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Old 25th November 2016, 09:46   #16
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Default Re: Koenigsegg's camless engine

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Originally Posted by SS-Traveller View Post
More electronics. More control modules. More patented technologies. More complications. More things to go wrong.

All for the sake of reducing emissions from the internal combustion engine.

No major advantage for the driving enthusiast. But this is technology that will become common soon, whether we like it or not. Like fuel injection, EGR, DPF and a multitude of other techs that are purely focussed on emission control.
Hell Yeah! Couldn't agree with you more. As a self certified grease monkey, electronics are helpful and beneficial, till a point. Good old mechanicals will never let you down!
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Old 27th November 2016, 19:42   #17
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Default Re: Koenigsegg's camless engine

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Hell Yeah! Couldn't agree with you more. As a self certified grease monkey, electronics are helpful and beneficial, till a point. Good old mechanicals will never let you down!
More correctly, Good old mechanicals will sometimes let you down - but at least (if you're a grease monkey) you can usually fix them yourself, and it won't cost you a small fortune to do so.

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Its been available for a long time, not for car engines, but it has been applied in Marine Diesels. E.g. MAN has had a camless engine on the market for many years. Others too.
Indeed been around awhile. I think there was an issue of Popular Mechanics magazine back in the 1980's/early 90's that had a feature on a company who had developed such a system for automotive applications. Seems we've been on the verge of things like mass-market direct-injection 2-strokes, self-navigating/driverless cars, and stuff like these camless engines - for many decades. Some will finally come to fruition, others will be forgotten as they are leap-frogged by solutions on completely different lines.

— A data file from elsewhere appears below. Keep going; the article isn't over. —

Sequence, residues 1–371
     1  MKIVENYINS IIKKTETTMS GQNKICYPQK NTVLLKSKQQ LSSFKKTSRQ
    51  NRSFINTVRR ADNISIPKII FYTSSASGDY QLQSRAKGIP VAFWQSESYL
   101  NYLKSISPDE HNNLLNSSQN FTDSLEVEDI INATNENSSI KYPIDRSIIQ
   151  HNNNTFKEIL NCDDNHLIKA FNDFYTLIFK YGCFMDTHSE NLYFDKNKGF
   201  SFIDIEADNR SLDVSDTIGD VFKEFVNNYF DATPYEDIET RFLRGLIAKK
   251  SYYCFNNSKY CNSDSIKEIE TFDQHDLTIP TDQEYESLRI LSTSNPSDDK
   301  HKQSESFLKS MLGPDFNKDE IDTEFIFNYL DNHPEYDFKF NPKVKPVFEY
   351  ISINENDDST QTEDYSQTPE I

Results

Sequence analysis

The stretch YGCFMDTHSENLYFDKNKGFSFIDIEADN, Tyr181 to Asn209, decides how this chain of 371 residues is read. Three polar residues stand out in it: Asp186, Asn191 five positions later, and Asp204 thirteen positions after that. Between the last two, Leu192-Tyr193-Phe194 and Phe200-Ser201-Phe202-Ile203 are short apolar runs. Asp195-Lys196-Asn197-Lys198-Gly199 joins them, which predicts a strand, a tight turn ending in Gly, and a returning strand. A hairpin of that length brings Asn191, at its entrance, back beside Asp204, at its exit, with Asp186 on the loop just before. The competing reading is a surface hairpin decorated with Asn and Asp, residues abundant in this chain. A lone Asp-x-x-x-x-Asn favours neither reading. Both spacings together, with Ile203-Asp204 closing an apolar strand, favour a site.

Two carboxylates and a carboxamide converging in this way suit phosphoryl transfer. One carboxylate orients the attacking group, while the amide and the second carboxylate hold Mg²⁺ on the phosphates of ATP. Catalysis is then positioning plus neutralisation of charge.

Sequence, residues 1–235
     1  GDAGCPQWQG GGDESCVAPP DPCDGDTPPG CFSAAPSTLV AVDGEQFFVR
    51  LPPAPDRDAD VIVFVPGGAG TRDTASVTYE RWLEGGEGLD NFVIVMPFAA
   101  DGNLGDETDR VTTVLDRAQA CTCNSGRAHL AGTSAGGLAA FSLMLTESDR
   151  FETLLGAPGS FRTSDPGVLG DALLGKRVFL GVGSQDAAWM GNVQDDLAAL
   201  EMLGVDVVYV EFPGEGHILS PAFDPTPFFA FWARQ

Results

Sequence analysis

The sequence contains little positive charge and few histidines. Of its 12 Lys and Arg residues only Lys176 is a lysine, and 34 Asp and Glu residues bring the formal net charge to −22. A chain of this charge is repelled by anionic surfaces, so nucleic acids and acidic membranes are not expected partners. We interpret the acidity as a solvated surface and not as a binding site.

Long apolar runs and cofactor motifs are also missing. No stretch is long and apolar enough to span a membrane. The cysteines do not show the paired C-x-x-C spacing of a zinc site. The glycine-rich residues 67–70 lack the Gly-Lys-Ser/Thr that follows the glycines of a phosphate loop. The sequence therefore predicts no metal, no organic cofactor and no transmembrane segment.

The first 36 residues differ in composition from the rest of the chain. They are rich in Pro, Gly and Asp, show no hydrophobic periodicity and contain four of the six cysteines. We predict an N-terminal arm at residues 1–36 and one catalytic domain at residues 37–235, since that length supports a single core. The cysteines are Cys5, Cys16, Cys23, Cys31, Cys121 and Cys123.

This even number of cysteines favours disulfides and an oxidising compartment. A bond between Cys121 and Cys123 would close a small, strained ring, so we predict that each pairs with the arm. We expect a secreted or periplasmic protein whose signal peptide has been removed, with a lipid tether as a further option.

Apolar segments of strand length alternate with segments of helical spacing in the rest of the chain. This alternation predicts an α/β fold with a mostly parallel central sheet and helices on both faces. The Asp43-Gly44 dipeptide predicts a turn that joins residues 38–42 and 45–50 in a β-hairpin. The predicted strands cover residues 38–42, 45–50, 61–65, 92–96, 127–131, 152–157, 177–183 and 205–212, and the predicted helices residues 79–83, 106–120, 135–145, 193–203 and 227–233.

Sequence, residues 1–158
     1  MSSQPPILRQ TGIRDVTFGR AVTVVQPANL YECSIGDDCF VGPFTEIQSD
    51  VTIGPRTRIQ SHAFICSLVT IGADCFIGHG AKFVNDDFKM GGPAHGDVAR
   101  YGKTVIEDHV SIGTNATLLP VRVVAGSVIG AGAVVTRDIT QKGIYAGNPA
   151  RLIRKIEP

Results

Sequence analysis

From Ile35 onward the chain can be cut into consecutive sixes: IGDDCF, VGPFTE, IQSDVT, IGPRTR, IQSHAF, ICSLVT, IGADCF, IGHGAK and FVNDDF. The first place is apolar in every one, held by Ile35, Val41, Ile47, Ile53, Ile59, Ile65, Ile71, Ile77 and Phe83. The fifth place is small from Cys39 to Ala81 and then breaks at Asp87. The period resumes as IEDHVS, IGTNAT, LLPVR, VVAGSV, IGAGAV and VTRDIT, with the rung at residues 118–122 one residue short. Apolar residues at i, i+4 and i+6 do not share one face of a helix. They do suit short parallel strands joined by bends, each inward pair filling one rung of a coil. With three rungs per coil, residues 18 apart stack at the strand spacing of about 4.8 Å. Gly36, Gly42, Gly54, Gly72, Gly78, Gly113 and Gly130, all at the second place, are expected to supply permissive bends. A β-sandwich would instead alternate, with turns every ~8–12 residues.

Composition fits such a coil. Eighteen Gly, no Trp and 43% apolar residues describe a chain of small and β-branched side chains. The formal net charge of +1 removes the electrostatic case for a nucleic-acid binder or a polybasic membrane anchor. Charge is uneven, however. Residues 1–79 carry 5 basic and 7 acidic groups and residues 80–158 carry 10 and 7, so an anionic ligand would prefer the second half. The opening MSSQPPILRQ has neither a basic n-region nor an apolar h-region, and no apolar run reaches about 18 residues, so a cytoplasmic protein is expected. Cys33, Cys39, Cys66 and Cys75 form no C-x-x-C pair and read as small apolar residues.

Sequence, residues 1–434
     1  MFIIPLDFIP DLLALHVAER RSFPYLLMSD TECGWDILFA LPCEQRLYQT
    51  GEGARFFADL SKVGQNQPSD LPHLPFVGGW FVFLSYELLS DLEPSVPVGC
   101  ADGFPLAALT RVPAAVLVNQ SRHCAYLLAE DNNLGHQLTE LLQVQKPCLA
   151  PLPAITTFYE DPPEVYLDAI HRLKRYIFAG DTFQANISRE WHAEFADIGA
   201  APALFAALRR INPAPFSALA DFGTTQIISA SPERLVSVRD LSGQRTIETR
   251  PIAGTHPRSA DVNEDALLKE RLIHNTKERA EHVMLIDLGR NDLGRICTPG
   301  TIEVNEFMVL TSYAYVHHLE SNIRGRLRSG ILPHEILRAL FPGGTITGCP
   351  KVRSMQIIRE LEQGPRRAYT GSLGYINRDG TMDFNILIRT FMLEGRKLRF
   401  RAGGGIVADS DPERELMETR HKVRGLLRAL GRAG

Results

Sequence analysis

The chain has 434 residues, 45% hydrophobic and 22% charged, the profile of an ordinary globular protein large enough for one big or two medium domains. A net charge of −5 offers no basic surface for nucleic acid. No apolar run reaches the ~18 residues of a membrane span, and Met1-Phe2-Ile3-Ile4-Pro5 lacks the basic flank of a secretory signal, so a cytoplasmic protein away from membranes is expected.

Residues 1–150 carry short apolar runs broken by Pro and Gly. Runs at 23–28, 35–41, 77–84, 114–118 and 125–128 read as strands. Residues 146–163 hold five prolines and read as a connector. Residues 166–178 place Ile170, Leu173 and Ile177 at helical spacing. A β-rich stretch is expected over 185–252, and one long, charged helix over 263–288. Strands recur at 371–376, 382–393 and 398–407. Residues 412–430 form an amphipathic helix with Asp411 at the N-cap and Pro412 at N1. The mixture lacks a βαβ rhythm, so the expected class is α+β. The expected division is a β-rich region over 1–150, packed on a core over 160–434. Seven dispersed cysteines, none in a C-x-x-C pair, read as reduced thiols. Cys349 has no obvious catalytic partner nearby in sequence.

-Eric
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Old 27th November 2016, 19:47   #18
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Default Re: Koenigsegg's camless engine

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Originally Posted by qr20de View Post
Hell Yeah! Couldn't agree with you more. As a self certified grease monkey, electronics are helpful and beneficial, till a point. Good old mechanicals will never let you down!
More correctly, Good old mechanicals will sometimes let you down - but at least (if you're a grease monkey) you can usually fix them yourself, and it won't cost you a small fortune to do so.

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Originally Posted by Jeroen View Post
Its been available for a long time, not for car engines, but it has been applied in Marine Diesels. E.g. MAN has had a camless engine on the market for many years. Others too.